Anti-VEGF treatment options for nAMD have evolved since pegaptanib, the first intravitreal anti-VEGF formulation, received FDA approval in 2004. Pegaptanib is no longer routinely used in clinical practice because it did not substantially improve visual acuity in clinical trials of new-onset nAMD.9 Since then, the FDA approved ranibizumab in 2006 and aflibercept in 2011.34 Off-label prescribing of bevacizumab is also a treatment option,36,37 and it has remained a possibility since then because demonstrated efficacy is noninferior to ranibizumab.34 The properties of current anti-VEGF agents are compared in Table 2.33,38-42

Anti-VEGF Agent Safety
Ocular severe AEs of intravitreal anti-VEGF therapy include rare reports of infectious and noninfectious endophthalmitis, retinal detachment, and increased intraocular pressure.9,34 Whereas systemic AEs have periodically been raised as a concern, a large body of evidence indicates that the risk of systemic AEs with intravitreal injections of anti-VEGF agents remains below the level of detection.43,44 A 2014 Cochrane review did not find a difference in the risk of serious systemic AEs between intravitreal ranibizumab and bevacizumab.45 Results of a 2019 Cochrane review that evaluated aflibercept, bevacizumab, and ranibizumab found no difference in serious systemic AEs between anti-VEGF agents or control groups.46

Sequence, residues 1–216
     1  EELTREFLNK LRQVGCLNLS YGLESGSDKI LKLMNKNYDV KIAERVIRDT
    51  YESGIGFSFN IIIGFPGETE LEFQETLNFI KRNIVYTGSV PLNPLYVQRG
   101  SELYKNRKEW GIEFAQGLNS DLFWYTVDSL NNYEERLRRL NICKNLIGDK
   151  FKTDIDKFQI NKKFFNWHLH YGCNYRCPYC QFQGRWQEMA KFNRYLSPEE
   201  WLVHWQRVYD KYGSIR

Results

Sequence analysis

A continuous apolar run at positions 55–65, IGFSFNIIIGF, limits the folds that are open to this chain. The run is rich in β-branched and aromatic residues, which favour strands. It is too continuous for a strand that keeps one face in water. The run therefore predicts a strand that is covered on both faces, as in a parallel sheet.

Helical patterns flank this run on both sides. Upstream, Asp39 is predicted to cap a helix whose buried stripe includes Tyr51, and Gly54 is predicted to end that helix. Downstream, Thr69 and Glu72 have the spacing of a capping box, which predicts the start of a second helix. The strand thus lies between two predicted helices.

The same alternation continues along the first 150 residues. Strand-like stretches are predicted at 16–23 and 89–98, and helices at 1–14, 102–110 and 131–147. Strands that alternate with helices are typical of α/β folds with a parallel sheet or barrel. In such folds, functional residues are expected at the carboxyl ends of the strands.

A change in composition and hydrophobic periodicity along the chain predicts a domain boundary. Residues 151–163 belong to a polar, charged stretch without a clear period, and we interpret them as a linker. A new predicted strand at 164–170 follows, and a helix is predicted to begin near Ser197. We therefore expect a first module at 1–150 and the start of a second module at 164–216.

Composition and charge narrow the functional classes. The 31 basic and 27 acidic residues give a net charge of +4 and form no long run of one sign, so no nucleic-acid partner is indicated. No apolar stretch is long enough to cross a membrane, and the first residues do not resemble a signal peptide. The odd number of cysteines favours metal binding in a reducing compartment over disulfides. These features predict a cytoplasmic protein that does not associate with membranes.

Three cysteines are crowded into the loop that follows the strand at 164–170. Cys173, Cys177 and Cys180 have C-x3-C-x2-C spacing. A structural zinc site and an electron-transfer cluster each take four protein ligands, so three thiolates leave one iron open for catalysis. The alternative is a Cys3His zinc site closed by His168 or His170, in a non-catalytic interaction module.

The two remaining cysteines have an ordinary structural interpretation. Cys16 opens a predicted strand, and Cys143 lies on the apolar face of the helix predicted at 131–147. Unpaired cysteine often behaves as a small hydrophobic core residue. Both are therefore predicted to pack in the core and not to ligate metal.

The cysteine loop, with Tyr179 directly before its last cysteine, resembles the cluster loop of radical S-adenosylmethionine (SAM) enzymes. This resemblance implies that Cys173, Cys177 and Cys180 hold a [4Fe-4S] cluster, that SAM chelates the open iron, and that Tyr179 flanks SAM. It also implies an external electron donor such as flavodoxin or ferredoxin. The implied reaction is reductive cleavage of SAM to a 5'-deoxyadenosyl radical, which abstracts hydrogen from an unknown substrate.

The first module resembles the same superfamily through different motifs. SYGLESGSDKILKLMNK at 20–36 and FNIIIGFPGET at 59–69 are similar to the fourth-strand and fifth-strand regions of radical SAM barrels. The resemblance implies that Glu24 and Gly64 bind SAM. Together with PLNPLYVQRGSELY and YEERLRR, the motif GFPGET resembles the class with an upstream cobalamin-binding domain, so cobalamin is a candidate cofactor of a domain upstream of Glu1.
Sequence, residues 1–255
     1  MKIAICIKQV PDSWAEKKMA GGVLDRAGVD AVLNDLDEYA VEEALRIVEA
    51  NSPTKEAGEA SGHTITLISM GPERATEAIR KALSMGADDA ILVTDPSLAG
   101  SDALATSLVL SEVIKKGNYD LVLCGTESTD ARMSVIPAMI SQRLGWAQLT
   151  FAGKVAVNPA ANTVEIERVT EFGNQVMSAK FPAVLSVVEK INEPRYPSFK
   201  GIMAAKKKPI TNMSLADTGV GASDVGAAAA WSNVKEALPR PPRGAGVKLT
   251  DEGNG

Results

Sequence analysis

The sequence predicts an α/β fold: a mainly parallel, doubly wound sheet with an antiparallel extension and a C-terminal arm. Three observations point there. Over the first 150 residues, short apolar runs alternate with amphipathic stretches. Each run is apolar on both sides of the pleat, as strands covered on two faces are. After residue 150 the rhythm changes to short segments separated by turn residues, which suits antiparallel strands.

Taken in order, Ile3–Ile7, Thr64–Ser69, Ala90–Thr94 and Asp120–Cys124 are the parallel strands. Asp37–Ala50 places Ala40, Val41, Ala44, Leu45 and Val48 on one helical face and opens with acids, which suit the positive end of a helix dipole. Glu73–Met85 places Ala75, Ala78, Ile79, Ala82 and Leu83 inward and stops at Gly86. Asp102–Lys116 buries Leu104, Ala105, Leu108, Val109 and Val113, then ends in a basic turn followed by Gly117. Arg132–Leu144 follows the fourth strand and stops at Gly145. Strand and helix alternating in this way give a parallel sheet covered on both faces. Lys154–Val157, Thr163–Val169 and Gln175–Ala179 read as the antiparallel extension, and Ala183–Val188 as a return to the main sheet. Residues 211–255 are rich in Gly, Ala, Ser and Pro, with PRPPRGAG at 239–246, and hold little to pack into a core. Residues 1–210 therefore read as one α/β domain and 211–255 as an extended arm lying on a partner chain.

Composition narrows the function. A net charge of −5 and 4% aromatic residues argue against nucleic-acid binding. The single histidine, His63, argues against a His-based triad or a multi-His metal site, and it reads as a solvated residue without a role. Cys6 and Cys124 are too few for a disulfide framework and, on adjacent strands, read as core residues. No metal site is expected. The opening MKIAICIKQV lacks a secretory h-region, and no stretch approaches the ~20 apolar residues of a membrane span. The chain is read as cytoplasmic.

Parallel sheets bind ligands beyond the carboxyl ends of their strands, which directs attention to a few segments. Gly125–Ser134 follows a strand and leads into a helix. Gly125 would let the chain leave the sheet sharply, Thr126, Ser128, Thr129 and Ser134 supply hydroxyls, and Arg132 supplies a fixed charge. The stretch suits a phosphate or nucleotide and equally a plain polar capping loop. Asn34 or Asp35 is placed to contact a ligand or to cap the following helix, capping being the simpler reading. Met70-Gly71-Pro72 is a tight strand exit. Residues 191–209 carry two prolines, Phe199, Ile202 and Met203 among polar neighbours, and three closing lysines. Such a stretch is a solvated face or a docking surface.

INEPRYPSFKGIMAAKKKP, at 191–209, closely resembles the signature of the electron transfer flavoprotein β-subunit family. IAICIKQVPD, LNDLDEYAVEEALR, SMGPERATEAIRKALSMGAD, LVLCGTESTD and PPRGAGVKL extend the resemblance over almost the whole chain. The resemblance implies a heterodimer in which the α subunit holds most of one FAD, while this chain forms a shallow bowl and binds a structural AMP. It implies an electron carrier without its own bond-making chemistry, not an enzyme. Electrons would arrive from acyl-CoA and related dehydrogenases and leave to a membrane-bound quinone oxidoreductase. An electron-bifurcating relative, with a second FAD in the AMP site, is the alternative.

Formulation Issues in Product Selection
Despite a cost benefit for intravitreal bevacizumab, there are important caveats to its use. The sterile compounding that is needed to prepare intravitreal injections provides an opportunity for contamination to occur. Periodically, outbreaks of bacterial and fungal endophthalmitis involving preservative-free bevacizumab have been associated with morbidity and vision loss.47 In addition, variable concentrations of active drug and silicone oil droplets have been reported with repackaged syringes of bevacizumab from compounding pharmacies.48,49 Managed care organizations that obtain intravitreal bevacizumab from compounding pharmacies must comply with state legislation and FDA sterile compounding guidelines that were adopted after the New England Compounding Center multistate fungal meningitis outbreak in 2012.